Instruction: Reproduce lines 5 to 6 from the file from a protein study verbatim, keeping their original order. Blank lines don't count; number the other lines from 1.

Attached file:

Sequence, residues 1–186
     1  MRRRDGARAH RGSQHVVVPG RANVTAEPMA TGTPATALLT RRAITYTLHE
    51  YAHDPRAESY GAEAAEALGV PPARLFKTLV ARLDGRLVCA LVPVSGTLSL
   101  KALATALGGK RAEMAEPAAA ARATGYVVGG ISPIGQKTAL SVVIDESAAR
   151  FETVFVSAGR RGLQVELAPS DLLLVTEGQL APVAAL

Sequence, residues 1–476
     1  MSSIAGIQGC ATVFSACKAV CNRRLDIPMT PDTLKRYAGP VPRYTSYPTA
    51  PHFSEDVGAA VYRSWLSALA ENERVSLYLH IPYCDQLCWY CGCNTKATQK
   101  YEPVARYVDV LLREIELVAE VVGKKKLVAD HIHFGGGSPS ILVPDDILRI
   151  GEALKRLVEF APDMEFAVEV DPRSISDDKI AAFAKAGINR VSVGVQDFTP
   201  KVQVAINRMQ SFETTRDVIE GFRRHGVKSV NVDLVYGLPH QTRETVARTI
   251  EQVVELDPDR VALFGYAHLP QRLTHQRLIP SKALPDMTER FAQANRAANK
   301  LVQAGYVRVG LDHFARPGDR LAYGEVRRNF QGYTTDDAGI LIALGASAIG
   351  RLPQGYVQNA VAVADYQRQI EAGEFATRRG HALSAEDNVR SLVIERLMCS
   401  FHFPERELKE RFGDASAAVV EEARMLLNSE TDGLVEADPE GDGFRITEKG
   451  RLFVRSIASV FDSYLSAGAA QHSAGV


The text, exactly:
   151  FETVFVSAGR RGLQVELAPS DLLLVTEGQL APVAAL

Sequence, residues 1–476